Republic Poll: Charles Preferred... By A Nose

Published: Tue 21 Apr 2009 10:38 AM
Media releases: Republic Poll: Charles Preferred... By A Nose
Media Release Republican Movement
Republic Poll: Charles Preferred... By A Nose
Media Release 21 April 2009
"A poll commissioned by the Republican Movement and published today, on the Queen's 83rd birthday, shows New Zealanders are increasingly looking to the future as a republic - although Prince Charles is winning the race by a nose" said Lewis Holden, chair of the Republican Movement.
43% of those surveyed in the poll stated they wanted New Zealand to become a republic, and did not want Prince Charles to become New Zealand's head of State when the Queen's reign ends. 45% supported Charles as King, with 13% stating they wouldn't answer or didn't know.
"Whether they support the monarchy or a republic, New Zealanders want the chance to choose who their future head of State is" continued Mr Holden. "With the Cabinet Office helping legal academic Alison Quentin-Baxter research a book on the implications of the end of the Queen's reign, the debate is reaching a new and crucial phase".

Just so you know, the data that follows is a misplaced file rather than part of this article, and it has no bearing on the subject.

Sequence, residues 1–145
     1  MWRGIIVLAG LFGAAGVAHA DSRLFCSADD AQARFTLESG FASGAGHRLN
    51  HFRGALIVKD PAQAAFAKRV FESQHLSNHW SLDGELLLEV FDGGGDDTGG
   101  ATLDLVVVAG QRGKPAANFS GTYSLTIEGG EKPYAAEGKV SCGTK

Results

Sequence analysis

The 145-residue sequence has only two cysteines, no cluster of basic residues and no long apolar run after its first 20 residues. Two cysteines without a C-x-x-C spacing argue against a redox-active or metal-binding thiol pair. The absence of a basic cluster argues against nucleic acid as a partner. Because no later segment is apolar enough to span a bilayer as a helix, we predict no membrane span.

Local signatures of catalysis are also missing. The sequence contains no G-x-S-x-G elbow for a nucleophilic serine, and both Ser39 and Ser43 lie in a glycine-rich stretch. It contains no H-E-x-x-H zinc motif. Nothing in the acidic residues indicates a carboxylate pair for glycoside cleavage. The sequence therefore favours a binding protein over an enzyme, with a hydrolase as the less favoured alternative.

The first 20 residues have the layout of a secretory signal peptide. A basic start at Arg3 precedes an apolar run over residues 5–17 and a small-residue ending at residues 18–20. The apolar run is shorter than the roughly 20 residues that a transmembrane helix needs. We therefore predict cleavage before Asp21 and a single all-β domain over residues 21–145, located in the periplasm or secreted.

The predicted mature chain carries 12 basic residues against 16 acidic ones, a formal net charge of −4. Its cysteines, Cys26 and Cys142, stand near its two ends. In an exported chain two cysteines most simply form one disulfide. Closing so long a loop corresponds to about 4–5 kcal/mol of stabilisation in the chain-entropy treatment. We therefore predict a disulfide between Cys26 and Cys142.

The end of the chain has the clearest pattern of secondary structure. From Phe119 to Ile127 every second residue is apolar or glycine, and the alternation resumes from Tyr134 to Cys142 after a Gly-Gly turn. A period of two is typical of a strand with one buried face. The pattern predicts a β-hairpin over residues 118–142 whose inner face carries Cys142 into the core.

This poll comes after a Research New Zealand Poll in December 2008 found 42% of New Zealanders supported a republic, while 48% supported the monarchy.
The phone poll of 1,018 voting-age New Zealanders was conducted between 25 March - 7 April 2009. The question asked was:
"When the Queen dies, which option would you prefer: Prince Charles becoming King of New Zealand or New Zealand to becoming a republic?"
The poll has a margin of error of +/- 3.1%. The poll was commissioned by the Republican Movement and undertaken by Curia Market Research Limited.
For more opinion polls, see our page on polling: [1]
The Republican Movement is a network of New Zealanders who want our head of state to be elected by New Zealanders - either directly or indirectly.
We are committed to:
* involving all New Zealanders in the republic debate;
* providing relevant and reliable information;
* focusing on ideas, not personalities;
* winning a referendum to establish the republic;
Creating a republic does not require any change to the Treaty of Waitangi, flag or Commonwealth membership. For more information, see our website: [2]
[1] [2] [3]

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